Of course, there are almost infinitely many different games I have enjoyed over the years that one wishes could have been relived again without the knowledge of all the fantastic things that awaited one. The vast world of The Legend of Zelda: Breath of the Wild with all its fantastic challenges. The fabulous and majestic giants of Ueda’s Shadow of the Colossus. The mystique and claustrophobic horror beneath the surface of the planet Zebes in Super Metroid. The immense wow factor over the fourth GTA game in the series and Nico’s heartbreaking, engaging and well-written journey through the underworld in Liberty city. But more than anything else and maybe a little untipped, I wish I could have re-experienced Tim Schaefer’s magnum opus Day of the Tentacle.

Almost thirty years have passed since the game was first released and I remember so well how I and my best friend sat who pasted that summer 1993 and were enchanted by the grandeur of the CD-ROM game. Its impossibly beautiful graphic style, all the voice acting and how every little progress in the increasingly impossible puzzle gave an almost euphoric feeling through our bodies. The frantic pursuit of the vicious purple tentacle and the desperate struggle to reunite the three friends Bernard, Laverne and Hoagie is simply a journey that in my many years as a TV player has never really been surpassed. Maybe there is an ounce of childhood shimmer all over it but to once again experience that journey under the same circumstances and emotional stage would have been a real dream.

Delete my game memory!  (2)

This is an ad:

Olof Westerberg:
The Last of Us: Part II
I’m just shaking when I think about it. The idea of ​​experiencing The Last of Us 2 again – albeit for the first time – is dizzying. Never mind that Naughty Dog’s sequel to Joel and Ellie’s epic struck a specific nerve in me. Even at the afterwords, I was pretty sure that this was the biggest thing I’ve ever been through in the game and now, almost two years later, I’m even more sure of my thing. I sat glued throughout the adventure, roared like a child when Joel was killed in the prologue and was then just as hopeful during each flashback: Only Joel and Ellie got to be together a little, a little more. If only in memory.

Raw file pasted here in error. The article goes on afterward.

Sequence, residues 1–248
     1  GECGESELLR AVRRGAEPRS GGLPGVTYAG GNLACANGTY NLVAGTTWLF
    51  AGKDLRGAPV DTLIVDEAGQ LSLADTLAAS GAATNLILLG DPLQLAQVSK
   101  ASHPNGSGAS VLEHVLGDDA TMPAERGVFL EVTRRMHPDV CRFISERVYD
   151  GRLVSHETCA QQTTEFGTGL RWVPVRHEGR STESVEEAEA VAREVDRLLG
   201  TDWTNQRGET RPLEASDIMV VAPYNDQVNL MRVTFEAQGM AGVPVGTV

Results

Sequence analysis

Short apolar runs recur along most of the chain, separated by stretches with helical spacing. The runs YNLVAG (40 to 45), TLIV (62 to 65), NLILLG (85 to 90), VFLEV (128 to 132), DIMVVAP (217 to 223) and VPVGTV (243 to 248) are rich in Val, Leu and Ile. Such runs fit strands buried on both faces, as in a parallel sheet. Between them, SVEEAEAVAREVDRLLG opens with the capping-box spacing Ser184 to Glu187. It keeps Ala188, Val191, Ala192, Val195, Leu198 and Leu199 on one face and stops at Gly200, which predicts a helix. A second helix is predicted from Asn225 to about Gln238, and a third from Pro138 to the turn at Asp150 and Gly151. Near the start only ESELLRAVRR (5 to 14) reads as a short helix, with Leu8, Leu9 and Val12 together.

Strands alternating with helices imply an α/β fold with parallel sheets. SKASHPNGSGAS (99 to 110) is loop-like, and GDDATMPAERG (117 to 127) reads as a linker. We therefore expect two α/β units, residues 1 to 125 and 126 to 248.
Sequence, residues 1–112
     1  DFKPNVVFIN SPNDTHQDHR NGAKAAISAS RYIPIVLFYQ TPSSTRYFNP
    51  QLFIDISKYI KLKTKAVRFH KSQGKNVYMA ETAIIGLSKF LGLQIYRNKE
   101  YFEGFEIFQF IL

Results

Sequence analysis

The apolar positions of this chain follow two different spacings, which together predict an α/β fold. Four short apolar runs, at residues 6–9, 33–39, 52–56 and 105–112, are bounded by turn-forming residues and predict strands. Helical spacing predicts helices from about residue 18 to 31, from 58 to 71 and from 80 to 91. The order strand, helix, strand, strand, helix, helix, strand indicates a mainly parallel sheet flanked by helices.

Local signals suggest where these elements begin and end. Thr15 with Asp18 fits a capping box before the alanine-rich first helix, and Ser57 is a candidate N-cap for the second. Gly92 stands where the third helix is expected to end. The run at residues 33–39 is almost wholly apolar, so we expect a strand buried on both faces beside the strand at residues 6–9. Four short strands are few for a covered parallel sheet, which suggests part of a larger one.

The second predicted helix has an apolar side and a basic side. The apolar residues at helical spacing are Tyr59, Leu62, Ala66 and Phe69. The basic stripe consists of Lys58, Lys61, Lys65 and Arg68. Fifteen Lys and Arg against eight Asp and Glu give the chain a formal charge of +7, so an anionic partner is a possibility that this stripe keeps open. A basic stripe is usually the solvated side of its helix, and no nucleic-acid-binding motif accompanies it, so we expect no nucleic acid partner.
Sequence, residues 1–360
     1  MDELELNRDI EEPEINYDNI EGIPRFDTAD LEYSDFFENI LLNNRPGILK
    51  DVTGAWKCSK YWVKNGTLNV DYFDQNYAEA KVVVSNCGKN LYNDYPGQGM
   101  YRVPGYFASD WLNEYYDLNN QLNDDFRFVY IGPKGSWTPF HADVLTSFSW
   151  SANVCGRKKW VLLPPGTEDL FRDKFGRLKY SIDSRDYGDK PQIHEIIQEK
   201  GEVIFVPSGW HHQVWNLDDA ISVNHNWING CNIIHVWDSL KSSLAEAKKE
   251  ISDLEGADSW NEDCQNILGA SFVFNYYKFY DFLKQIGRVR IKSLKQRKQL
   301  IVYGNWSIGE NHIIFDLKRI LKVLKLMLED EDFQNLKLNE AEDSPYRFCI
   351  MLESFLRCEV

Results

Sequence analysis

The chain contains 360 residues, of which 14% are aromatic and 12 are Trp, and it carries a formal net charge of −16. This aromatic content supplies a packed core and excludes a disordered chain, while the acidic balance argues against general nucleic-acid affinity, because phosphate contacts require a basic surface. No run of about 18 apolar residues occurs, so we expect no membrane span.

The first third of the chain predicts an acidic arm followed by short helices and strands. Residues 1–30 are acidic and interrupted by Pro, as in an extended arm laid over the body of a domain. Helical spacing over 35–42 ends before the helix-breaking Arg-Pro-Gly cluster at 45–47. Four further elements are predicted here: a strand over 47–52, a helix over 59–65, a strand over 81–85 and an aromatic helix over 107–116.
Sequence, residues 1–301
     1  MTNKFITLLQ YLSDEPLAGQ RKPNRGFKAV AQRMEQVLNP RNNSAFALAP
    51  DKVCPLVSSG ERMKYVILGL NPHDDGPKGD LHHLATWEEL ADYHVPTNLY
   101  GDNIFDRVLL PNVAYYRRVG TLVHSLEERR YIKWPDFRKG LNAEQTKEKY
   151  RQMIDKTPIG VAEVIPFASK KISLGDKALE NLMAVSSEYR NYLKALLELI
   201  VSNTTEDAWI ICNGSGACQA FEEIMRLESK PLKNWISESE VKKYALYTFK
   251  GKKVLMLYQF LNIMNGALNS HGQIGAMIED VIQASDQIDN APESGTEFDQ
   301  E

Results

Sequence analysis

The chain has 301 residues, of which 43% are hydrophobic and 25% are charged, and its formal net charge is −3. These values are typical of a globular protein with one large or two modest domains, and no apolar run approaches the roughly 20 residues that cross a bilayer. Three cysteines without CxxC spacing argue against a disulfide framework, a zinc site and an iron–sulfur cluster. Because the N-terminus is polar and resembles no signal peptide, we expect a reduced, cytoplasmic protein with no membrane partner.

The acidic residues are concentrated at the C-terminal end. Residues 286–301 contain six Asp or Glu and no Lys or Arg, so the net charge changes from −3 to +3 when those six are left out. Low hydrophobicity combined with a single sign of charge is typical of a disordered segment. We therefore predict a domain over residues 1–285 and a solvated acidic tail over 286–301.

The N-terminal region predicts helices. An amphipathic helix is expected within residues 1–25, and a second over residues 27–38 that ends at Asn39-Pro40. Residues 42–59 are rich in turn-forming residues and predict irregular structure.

When Ellie towards the end then picks up the guitar to play the song Joel once taught her, Pearl Jam’s Future Days, only to relive what once tied them together again after Ellie found out about Joel’s “betrayal”, can she did not play it. Ellie places her fingers against the fretboard and clicks on the strings but it sounds fake. The notes do not sit and you do not understand why, until you see that she lacks fingers. The trip has not only meant that Ellie will never be able to meet Joel again – but also that they will never be able to be reunited in music. It is so heartbreaking that I had almost given my own fingers to experience the whole adventure, and especially the end, for the first time. Again.